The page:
Already active in the development of apps and financial products for farmers – including in plant disease diagnosis, stress analysis and crop insurance – the Organization is setting its sights on big data for food security objectives. Monitoring biomass water productivity through remote sensors; interactive platforms for post-harvest systems management; agricultural insurance over blockchain, with smart contracts connected to satellite-generated weather data and linked to mobile wallets – all are in the research phase or in the early stages of implementation.
An expert with FAO Kenya uses his mobile phone to enter coordinates on the eLocust3 app while tracing hopper bands of locusts. ©FAO/Luis Tato
With scientific findings and innovation reaching a multitude of users near-instantaneously, FAO can no longer nurse a traditional role as a disseminator of knowledge. Its next avatar must be as a real-time knowledge co-generator. This can only be achieved though intensive, proactive collaboration with those fora where the bulk of knowledge takes shape – academic institutions and the private sector.
At national level, meanwhile, governments are adopting frameworks to channel innovation: in mid-2019, at least 49 countries had bio-economy strategies in place. In the year since, the European Union has unveiled its Farm to Fork strategy, laying down the objective of a fair, healthy, environmentally-friendly regional food system. Such multiplying policy initiatives put the onus on FAO to foster enabling environments for implementation, in the form of analytical input, applied knowledge and regulatory systems. In 2019, for example, member states tasked FAO to devise a mechanism that harmonizes policies and standards in the digitalization of food production. Much of this will be technical; some will be about governance, from data protection to reducing the risk of bias to addressing the digital divide.
In African refugee camps, FAO’s sister organization, the World Food Programme, is already deploying chat bots to assess food and nutritional needs. With artificial intelligence (AI) set to gain increasing prominence in applications involving food security, nutrition and health, FAO has joined forces with the Vatican and global tech giants to underwrite a Rome Call for AI Ethics – a document melding moral vision, scientific foresight and regulatory effort.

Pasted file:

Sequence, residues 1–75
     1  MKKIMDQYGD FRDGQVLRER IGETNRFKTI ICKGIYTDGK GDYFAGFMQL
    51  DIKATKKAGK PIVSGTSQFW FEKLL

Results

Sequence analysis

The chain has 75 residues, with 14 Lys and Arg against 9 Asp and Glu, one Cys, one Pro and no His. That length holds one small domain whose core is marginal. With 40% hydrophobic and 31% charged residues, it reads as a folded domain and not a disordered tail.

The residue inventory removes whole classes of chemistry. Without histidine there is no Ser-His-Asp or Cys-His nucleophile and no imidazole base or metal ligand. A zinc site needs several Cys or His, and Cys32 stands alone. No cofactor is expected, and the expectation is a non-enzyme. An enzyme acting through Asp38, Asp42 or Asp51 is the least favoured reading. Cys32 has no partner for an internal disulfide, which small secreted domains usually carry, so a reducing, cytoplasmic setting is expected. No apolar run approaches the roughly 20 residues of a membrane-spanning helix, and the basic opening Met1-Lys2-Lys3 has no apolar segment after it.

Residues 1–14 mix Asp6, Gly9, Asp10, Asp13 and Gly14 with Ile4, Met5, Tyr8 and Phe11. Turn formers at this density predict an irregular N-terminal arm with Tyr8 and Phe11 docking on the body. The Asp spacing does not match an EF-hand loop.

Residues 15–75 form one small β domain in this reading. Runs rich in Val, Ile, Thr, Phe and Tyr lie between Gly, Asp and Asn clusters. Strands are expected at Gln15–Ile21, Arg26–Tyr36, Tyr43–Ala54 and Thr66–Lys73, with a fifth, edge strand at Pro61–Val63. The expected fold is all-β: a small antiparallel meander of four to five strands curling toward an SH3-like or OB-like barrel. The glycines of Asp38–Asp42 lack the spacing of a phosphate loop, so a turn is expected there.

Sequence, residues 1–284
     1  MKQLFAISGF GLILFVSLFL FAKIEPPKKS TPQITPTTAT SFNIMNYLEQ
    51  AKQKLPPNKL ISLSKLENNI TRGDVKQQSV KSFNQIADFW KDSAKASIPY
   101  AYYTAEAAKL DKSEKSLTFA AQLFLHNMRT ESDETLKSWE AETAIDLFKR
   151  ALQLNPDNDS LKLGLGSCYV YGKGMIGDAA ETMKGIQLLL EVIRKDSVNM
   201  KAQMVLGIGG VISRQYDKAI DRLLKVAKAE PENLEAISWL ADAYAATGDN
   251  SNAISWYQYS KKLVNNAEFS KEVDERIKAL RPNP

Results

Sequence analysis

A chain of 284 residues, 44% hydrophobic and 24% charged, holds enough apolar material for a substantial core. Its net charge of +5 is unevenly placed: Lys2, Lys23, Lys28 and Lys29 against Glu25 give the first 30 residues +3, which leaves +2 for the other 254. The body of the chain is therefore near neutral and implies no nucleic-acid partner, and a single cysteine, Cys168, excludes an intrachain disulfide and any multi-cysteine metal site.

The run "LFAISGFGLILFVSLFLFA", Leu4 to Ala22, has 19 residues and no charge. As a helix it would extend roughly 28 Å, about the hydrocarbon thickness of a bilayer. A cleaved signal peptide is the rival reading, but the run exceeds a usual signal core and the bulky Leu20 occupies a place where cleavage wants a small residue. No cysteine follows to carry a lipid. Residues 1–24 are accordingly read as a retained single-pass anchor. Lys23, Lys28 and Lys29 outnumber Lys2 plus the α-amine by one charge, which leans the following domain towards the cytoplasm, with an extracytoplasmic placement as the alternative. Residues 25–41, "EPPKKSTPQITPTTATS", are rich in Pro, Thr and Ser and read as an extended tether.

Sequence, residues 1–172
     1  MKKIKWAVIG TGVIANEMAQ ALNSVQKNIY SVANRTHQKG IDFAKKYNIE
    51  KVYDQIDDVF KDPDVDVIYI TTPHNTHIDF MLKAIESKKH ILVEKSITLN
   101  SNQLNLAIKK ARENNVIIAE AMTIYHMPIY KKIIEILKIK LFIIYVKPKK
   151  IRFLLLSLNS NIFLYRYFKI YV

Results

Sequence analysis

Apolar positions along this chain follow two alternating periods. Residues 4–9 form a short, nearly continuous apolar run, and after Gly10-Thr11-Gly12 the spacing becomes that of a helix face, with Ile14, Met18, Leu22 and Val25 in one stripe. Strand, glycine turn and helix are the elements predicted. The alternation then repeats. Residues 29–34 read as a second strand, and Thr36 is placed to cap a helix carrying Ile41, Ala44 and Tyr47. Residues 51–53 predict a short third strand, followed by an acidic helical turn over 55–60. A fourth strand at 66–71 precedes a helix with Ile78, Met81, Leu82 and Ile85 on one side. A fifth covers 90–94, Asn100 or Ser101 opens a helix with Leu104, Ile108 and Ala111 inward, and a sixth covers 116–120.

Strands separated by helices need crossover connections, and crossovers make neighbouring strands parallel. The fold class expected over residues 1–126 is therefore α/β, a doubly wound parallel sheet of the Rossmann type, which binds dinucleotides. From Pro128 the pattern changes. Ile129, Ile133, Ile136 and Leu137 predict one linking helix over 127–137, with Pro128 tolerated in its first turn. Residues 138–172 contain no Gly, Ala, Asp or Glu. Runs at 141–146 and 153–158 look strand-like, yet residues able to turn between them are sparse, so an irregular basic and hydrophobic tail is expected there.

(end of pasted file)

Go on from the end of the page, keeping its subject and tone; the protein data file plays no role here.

Until recently, linkups between a major UN agency, a world faith authority and Silicon Valley might have seemed improbable. Yet evolving patterns of social engagement and global governance point to extensive overlap and cumulative reach: between them, the signatories to the Rome Call, with its appeal for “algor-ethics,” touch the lives of billions of people. To a large degree, the near future will be about action coalitions, mobilizing diversely influential entities and masses of followers around transversal challenges – a form of digitally-enabled togetherness seeking humanity-enhancing outcomes. At the more targeted end of its collaborative drive, FAO’s Hand-in-Hand initiative has set out to “matchmake” countries along the wealth spectrum, donors and recipients, to serve defined food-security goals. The platform is overlaid with digital resources, a public good destined to accrue value through the capillary growth of bilateral partnerships.
Analogue, brick-and-mortar projects such as irrigation schemes will not end tomorrow. Nor will traditional capacity building or empowerment programmes. But the next stage in the Organization’s development will see its technical assistance and advocacy shift towards systemic support that is scientifically dynamic; informed by big data; tied to global macro-indicators; and geared towards societal transformation.
FAO’s Hand-in-Hand geospatial platform shows land cover for the Rombo district area in Moshi, Tanzania ©FAO
Geospatial information complements and is validated by information gathered on the ground. In 2012 the same district was monitored by forest rangers.
FAO’s ambition to provide a science-policy interface integrating all aspects of food security, including its climate and environmental dimensions, led to the establishment of a Chief Scientist post in mid-2020. Around the same time, the Organization published research showing that specific interventions along the length of food supply chains in every country would not only make healthy diets dramatically more affordable, thus improving the nutritional status of billions of citizens: they could also save up to four-fifths of the annual diet-related health and climate costs – amounting to USD 3 trillion – that will otherwise be plaguing the world’s budgets by 2030.
Children use a computer tablet as a learning device, Bangladesh. ©FAO/Mohammad Rakibul Hasan
That year – 2030 – remains the horizon for ending hunger and malnutrition in all its forms. In the race to fulfil that quest, we have seen landscapes shift, the faces of agriculture morph, the app edge out the plough. Food itself has changed, and so has our biological and cultural understanding of it. How we feed the world, in the end, matters less. But that we do – soon, durably, by any safe and dignified means – matters more with every breathing minute.